How about if you could easily see the benefits of your process improvement work? Would that help your organisation make better changes? Well it can be done and it can be done easier, faster and cheaper than by using your current process mapping approach.
If I had a pound for every time an analyst or PM or any other role said to me “we are not very good at the benefits side of change” I would be a very rich man.
Ultimately no matter what approach we are taking to process improvement, the benefits of the change are one of the most important things to get right and by that I mean understood. We are not applying Agile, Lean, Waterfall, Design Thinking, Lean Start Up, Six Sigma or Kata (to name but a few approaches) to our organisations services, systems and processes as an academic exercise. Ultimately, we are trying to get an outcome or outcomes and these generally relate directly to benefits.
To be able to quantify, measure and understand those benefits helps us massively with many other aspects of the delivery process.
In the Public Sector, we are trying to improve our processes to deliver better for user needs in a more efficient way so that we can protect or improve services. We are looking to be more efficient to allow us to focus scarce resources on the customer/patient value.
In the Private Sector we are trying to produce better services faster and easier for our customers at better prices to allow us to grow and scale our business. There is not a lot of difference in reality they are both trying to improve their processes to deliver better outcomes.
Effectively we run projects and programmes to continuously improve and iterate our processes and services (or at least we should be). Both the Public Sector and the Private Sector cases are very similar in that we hope to achieve varying tangible and intangible benefits of a result of change/improvement initiatives.
Even if you are not being asked about the benefits of process improvement currently, you should still want to know
I have worked in and with many organisations where they are not currently being asked “what are the benefits?”. It is in one way a lucky position but I would argue that often it is only a temporary break from that challenge. It is rare with a project, new software or really any other change there will come a point where someone asks “We spent £x so what did we gain?”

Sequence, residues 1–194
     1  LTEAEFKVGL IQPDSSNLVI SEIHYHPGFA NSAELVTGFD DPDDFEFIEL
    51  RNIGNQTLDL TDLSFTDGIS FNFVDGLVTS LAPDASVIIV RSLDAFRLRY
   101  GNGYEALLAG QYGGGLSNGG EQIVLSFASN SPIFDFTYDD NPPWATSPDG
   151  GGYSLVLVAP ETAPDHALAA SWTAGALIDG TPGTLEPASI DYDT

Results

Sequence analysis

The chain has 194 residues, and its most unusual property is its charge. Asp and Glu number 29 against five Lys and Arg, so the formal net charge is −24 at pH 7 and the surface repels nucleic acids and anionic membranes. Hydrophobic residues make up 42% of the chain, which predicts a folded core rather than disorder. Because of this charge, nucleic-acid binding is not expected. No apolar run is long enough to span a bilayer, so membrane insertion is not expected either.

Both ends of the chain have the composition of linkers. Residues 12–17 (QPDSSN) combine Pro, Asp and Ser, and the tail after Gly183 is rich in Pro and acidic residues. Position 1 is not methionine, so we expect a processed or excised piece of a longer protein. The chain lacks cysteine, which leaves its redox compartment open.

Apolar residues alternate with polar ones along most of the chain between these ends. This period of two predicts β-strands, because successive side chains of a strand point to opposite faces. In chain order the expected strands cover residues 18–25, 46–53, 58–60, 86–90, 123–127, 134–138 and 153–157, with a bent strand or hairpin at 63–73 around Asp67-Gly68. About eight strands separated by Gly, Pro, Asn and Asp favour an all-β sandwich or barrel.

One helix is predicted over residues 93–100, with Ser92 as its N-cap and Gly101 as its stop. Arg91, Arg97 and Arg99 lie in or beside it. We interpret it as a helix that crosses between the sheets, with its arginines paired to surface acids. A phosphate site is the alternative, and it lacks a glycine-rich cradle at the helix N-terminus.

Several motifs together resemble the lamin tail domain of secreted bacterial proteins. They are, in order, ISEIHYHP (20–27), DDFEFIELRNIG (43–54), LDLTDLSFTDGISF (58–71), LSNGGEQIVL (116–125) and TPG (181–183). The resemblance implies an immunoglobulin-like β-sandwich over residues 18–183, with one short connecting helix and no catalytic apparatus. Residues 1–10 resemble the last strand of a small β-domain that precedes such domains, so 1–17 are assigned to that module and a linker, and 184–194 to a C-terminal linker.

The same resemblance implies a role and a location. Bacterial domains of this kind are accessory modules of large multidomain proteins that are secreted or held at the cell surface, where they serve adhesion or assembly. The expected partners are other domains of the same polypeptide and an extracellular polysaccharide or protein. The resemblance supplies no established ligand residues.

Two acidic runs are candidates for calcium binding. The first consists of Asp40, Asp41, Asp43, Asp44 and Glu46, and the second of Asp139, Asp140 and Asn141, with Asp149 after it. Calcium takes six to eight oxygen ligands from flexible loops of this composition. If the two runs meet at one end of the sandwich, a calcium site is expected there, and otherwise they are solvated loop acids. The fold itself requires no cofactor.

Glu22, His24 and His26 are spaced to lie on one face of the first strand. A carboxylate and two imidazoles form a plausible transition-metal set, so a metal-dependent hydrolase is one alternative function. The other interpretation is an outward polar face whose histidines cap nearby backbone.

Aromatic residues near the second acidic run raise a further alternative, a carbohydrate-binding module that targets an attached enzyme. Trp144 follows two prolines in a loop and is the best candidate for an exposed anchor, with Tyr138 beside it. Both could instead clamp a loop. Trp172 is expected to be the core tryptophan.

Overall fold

I don’t think we should try to avoid quantifying benefits. I think it is critical to successfully delivering any project or programme. How do we decide what to do? We understand our current pipeline of projects for costs/benefits/effort and prioritise the improvements that deliver greatest bang for your buck. Obviously, there are other drivers sometimes for priorities but where there are not then a benefits driven approach will definitely help (I would argue even when another priority drives a project to the top it is still useful its cost/benefits/effort).
Process improvement is a vital tool in the toolbox in delivering change and understanding the benefits helps facilitate many other elements in your change pipeline.
Being good at benefits realisation and management is definitely a skillset I would like in my organisation. Understanding what the customer and organisational benefits are and how we are improving them is unquestionably a good thing (feel free to comment if you disagree). We don’t think this is the only tool but it certainly helps us deliver better against our goals.
But why is it so hard to quantify these process improvement benefits?
The traditional tools for process improvement do not add much value. You need to get people together and map with stic